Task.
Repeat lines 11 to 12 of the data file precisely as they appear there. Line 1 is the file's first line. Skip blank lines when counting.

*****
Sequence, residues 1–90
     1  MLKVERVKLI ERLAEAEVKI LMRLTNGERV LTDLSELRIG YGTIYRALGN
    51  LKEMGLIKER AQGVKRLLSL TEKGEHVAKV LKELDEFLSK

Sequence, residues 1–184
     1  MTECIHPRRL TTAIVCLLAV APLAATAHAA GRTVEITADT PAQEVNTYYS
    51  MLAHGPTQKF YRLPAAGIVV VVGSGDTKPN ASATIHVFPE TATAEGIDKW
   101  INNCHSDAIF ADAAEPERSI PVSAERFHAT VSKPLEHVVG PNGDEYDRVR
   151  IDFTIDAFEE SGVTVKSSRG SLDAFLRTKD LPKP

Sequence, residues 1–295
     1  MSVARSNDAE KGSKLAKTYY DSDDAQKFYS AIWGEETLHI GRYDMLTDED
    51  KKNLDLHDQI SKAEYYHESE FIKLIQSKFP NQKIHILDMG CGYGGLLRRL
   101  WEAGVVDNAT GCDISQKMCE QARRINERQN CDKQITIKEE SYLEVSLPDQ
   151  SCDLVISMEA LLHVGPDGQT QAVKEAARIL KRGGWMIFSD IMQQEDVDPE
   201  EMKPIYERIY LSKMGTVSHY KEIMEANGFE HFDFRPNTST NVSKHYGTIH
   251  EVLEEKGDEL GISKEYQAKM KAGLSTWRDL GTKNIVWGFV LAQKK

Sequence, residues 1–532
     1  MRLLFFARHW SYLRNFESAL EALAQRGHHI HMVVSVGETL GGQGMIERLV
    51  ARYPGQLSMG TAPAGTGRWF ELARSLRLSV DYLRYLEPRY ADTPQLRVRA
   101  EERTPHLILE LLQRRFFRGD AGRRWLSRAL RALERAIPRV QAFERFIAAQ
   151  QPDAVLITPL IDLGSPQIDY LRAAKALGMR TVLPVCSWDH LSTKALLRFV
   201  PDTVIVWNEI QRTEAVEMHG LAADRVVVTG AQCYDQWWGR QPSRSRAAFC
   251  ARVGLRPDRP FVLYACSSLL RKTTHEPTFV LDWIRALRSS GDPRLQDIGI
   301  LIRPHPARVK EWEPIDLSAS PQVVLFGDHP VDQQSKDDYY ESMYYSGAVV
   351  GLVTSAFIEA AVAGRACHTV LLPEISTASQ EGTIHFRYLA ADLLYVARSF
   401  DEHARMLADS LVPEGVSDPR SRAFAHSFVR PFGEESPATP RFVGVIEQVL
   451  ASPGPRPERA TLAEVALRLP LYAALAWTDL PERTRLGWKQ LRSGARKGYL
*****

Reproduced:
    51  KKNLDLHDQI SKAEYYHESE FIKLIQSKFP NQKIHILDMG CGYGGLLRRL
   101  WEAGVVDNAT GCDISQKMCE QARRINERQN CDKQITIKEE SYLEVSLPDQ